In some California cases, you may find that the accused is charged with more than one criminal offense. To avoid these charges, a defendant may choose to enter a plea bargain to plead guilty to the lesser charge so long as the prosecutor drops the other charge they are accused of. In situations like this, the prosecutor will request the defendant signs a Harvey waiver.
What is a Harvey Waiver?
A Harvey waiver is an agreement that states that the defendant agrees that any dismissed charges will still be taken into account during the sentencing part of their criminal case. This waiver was developed during, the People v. Harvey case in 1979, where the California Supreme Court ruled that dismissed charges would not be considered against a criminal defendant during the sentencing phase of their case unless the defendant knowingly and voluntarily relinquished this right.
Thus, for the Harvey Waiver to be considered valid, the defendant must:
- Enter the waiver of their own free will
- Provide a factual basis for the waiver
- Be accepted by the court
Thus, if the defendant signs a Harvey waiver and all measures are taken to ensure its validity, a judge can choose to regard all charges the defendant is accused of during sentencing. If the defendant doesn’t sign the waiver, the judge will have to disregard the dismissed charges during sentencing.
The Harvey waiver was mainly put in place to ensure victim restitution even if the defendant’s charges were dropped.
How Does The Harvey Waiver Assist With Victim Restitution?
Victim restitution gives a victim the right to recuperate their financial losses that were caused by a criminal when committing a crime. Victims, in this case, refers to individuals who:
- Personally experienced a direct or threatened physical, psychological, or financial damages.
- The family of the person who experienced the damages.
- A business, government, or any other organization that has experienced damages.
For any of these aforementioned individuals to be considered victims and qualify for compensation. The damages suffered have to be caused by an accused during criminal activities.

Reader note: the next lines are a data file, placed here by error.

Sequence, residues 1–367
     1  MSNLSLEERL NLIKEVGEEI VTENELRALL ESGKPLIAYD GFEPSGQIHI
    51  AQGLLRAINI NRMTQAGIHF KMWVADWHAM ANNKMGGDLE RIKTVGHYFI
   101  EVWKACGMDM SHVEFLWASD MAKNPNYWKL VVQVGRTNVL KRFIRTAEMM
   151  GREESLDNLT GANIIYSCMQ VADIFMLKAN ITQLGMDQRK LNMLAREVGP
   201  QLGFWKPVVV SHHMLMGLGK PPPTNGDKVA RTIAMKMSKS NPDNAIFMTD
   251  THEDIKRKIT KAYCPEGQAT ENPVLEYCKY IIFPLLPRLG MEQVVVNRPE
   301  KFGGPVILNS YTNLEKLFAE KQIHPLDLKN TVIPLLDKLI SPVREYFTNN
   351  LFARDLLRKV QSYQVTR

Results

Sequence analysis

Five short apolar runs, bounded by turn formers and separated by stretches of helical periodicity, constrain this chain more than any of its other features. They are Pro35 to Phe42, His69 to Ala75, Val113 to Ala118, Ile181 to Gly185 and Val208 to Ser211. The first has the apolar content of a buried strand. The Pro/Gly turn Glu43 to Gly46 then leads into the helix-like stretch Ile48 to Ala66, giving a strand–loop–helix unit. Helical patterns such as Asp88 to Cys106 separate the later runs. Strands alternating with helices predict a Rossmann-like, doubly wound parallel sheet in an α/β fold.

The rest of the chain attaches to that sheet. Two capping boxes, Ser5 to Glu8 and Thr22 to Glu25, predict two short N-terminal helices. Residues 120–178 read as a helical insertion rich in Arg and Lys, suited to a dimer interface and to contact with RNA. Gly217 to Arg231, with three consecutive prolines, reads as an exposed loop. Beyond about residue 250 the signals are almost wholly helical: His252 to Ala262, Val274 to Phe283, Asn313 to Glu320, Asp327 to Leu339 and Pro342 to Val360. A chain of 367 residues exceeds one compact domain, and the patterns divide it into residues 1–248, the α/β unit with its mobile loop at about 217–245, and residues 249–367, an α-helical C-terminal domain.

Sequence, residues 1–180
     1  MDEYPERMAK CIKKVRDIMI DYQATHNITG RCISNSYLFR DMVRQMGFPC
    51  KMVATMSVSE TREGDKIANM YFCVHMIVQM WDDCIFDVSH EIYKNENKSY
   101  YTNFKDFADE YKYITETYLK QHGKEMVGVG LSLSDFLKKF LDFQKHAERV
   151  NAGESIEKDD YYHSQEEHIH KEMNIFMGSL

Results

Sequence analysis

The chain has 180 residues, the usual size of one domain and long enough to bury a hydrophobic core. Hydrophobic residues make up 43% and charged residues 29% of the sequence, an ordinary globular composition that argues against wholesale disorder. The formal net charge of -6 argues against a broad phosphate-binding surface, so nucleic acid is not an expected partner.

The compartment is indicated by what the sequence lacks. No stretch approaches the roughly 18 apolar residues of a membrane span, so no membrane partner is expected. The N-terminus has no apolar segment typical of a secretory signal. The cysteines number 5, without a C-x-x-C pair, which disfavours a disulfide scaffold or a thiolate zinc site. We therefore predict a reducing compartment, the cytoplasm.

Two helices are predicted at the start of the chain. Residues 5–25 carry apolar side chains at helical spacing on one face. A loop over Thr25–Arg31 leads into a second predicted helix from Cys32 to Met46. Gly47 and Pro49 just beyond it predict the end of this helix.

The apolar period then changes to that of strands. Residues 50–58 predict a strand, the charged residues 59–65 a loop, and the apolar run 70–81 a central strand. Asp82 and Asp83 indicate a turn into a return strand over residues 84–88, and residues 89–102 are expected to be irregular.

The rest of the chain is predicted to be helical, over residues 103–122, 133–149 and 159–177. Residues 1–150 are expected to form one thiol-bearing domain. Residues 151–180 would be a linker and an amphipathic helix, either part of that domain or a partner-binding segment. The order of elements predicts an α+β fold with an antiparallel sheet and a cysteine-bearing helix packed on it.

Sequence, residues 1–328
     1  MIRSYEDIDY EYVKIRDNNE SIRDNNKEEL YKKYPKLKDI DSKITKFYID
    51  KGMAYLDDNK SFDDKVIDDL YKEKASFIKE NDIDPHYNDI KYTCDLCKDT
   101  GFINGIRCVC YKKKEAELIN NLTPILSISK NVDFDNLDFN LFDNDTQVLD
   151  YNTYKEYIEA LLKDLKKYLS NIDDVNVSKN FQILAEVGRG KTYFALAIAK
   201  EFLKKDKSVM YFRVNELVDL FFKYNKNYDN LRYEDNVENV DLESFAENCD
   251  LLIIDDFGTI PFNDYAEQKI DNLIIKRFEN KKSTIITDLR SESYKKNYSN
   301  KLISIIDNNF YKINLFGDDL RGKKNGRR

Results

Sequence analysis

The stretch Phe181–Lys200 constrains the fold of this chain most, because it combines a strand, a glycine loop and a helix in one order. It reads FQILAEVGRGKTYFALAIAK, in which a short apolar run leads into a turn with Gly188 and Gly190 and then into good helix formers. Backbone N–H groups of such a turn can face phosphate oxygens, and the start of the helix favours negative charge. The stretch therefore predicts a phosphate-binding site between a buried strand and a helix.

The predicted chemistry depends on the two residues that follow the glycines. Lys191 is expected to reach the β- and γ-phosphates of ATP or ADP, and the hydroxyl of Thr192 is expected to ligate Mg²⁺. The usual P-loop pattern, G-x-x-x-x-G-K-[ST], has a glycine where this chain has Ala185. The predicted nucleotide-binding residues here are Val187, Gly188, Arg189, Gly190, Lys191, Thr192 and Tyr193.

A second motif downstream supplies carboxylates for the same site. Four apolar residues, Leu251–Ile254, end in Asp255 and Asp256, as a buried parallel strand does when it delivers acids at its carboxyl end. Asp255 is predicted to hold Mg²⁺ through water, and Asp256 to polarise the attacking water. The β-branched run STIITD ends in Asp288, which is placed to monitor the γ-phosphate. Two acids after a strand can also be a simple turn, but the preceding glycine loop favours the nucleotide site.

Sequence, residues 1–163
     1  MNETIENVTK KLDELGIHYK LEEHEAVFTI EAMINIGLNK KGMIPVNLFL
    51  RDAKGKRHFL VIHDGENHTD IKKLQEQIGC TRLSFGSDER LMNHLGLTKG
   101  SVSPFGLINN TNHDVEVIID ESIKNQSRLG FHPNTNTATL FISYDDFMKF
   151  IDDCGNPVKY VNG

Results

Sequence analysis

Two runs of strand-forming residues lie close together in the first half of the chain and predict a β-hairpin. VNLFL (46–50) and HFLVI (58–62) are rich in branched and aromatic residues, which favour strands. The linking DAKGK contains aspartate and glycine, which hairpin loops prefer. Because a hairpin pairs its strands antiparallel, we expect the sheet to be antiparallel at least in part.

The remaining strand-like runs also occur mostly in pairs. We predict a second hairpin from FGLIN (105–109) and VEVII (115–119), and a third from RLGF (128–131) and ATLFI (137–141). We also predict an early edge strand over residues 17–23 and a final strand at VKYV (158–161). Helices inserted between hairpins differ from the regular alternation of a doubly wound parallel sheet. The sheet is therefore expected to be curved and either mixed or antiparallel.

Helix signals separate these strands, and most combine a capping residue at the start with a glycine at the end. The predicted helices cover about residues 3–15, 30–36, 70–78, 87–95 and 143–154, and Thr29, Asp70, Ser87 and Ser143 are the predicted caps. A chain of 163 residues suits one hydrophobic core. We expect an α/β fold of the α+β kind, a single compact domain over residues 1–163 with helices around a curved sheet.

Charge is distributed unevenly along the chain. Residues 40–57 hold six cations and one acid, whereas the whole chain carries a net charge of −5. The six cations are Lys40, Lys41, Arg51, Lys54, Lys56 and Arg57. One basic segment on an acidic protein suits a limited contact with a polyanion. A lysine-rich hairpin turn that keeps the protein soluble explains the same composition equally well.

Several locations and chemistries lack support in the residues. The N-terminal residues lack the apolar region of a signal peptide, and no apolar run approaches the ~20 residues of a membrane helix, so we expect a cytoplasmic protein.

Some of the losses a victim can claim retribution for include:
- Stolen, damaged, or destroyed property
- Harm done to a business or its property
- Hospital and therapy bills
- Lost pay that may have been incurred when the victim was unable to work due to the criminal offense
- Any logical attorney fees sustained as the victim tried to obtain their victim restitution.
The Harvey waiver makes it easier for a victim to get restitution even if the charges that would warrant their restitution get dismissed. Once the defendant signs a Harvey waiver, they renounce their right for judges to disregard their dismissed charges during sentencing. Thus, if the defendant has signed a Harvey waiver, the judge can still sentence the defendant to pay their victims restitution even for disregarded charges.
In California, the law state that the victims of crimes will be granted full compensation for all sensible expenses and losses gathered due to the crime committed. In some cases, to get their compensation a victim will have to attend a restitution hearing.
What Is A Restitution Hearing?
In a situation where a victim is unsure just how much money is owed to them for their losses, or the defendant wishes to challenge the demanded compensation, a restitution hearing will be called. During this hearing, the burden of proof falls on the victim in the case. They have to provide substantial evidence showing that the losses gathered were a direct cause of the criminal acts the defendant committed.
Normally the victim will use bills, medical expenses, or business records to provide enough proof to qualify for restitution.
What About Civil Compromise?
A civil compromise is covered under California Penal Code Section 1377 and 1378. These codes allow a judge to dismiss misdemeanor charges if the defendant completely repays the victim of their crime for any harm caused during the defendant’s criminal actions.
Once the casualty is fully repaid for the harm caused, they will have to appear in the court where the criminal case was handled. They will then have to acknowledge before a judge that they have received their complete reimbursement from the defendant and have no intention to pursue criminal charges for the misdemeanor committed that caused them harm.
The judge will then decide whether to have the charges dismissed.
If you wish to know more about the Harvey waiver and how it can affect your case. We highly advise you to contact our law firm, and we will provide you all the information you need.
Accused of a Crime and Need a Harvey Waiver?
You need an experienced lawyer to fight for your freedom and your rights.
Need a Criminal Defense Attorney? CALL NOW: 310-274-6529
Seppi Esfandi is an Expert Criminal Defense Attorney who has over 21 years of practice defending a variety of criminal cases.